The three steps in sharpening: archaeological digs on prehistoric sites have not only revealed an active tradition of blacksmithing dating back to the late Jomon period (1000 to 300 BC), but research has also found evidence that even then the sharpening process was divided into the three steps – roughing out, grinding, and honing – that are still used today. One can assume that the sharpness that could be achieved with a fairly coarse or medium grinding stone would have been considered adequate at first, and then as the culture developed, higher standards of sharpness would have been needed. The abrasive material in natural sharpening stones consists of very fine round grains of silicate with a size range from 0.2 to 0.3 microns (according to Japanese sources) and these are combined with a small amount of iron oxide or other natural materials that improve the grinding effect.
Appearance and quality: a Japanese natural sharpening stone, which can be considered perfect and has all the necessary attributes, can cost a fortune. It would have a highly consistent grain, be uniform in texture and colour (preferably yellow), would have no cracks, stains or other blemishes, and is overall a very beautiful stone. Such a stone is known as a "practical diamond" in Japan, and one turns up maybe once in a century. Normally natural stones are nowhere near perfect in appearance. The colour can range through various shades of yellow, brown or grey, it can differ across the face of one stone and it can change with use. The edges and corners are often rough and uneven or chipped. But surprisingly, the quality of edge that can be obtained with these more common stones is often very close to that achievable with a so-called "perfect" stone.
Origin and cut: quarries as a source of natural stones have mostly been exhausted and it is very difficult today to get hold of really fine stones. Stones generally take their name from the mountain where they were quarried. Here are some examples of names from Kyoto and the surrounding region:
- Western mountains: Ohira, Shinden, Mizukihara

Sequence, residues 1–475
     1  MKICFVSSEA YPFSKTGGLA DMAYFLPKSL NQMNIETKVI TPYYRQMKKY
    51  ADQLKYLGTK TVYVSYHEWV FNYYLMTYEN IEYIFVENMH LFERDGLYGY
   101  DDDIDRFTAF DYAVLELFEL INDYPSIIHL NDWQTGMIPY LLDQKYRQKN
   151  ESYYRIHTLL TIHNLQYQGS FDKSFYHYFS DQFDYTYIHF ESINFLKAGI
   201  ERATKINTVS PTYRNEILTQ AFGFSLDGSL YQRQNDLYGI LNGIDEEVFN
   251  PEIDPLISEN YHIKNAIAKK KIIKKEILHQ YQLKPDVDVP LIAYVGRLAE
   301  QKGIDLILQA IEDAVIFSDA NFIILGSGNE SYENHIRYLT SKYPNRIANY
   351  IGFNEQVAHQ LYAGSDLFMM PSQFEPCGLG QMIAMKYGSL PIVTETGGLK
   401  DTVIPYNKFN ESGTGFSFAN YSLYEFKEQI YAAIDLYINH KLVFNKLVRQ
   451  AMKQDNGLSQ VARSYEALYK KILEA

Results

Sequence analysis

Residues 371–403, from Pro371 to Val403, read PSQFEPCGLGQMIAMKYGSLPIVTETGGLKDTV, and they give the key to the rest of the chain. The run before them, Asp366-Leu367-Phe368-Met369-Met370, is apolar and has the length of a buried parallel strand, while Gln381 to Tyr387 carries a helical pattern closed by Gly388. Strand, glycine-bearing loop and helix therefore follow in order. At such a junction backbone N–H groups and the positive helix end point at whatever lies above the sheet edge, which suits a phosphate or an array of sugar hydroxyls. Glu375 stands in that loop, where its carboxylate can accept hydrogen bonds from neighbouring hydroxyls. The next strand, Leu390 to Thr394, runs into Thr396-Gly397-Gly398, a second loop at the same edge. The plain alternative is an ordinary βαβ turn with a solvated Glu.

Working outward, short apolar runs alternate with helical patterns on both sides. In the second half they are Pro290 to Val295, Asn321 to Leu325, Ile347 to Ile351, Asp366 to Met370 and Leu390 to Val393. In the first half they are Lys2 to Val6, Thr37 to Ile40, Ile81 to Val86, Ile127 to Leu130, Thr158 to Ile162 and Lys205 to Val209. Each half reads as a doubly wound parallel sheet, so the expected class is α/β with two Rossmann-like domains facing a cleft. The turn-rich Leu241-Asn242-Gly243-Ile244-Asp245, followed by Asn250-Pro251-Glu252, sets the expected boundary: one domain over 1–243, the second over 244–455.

- Central mountain: Atago
- Eastern mountains: Nakayama, Ozuku, Kizuyama, Okudo, Shoubu, Narutaki
Nearly all the quarries are currently closed. But there still exists a large amount of raw stone material mined in the past that is waiting to be cut to appropriate sizes.
The stones are cut horizontally so that the layers of sediment end up parallel to the stone’s face in order to present a consistent grit size and quality. This can be compared to flitch-sawn wood.
Wetting the stone: theories on how long before use one should soak natural sharpening and honing stones vary greatly, even in Japan. There are professionals who speak of 2 weeks! Others advise at least 30 minutes, and yet others who say that simply wetting the surface of the stones works just fine. Our advice: soak a natural stone in a water bath for at least 30 minutes before use. If, once you have become familiar with the stone, you feel this is not enough, try soaking it for up to 24 hours or even longer. The right soaking time serves to stabilize the structure of the stone for consistent results. It is important to remember that these are natural stones, each one is different, and so each has a different need for water. Harder stones, for instance, need more time in the water than softer ones.
Storing the stones – wet or dry: in Japan natural sharpening and honing stones are normally stored dry and out of the sun after they have been flattened and the grit paste has been removed. They should never ever be exposed to freezing temperatures when wet. The water in the stone will freeze and expand, damaging or cracking the stone. Avoid rapid changes in temperature or drying the stone too quickly. Never put a stone on or close to a strong heat source! Stones can naturally also break if dropped onto a hard surface.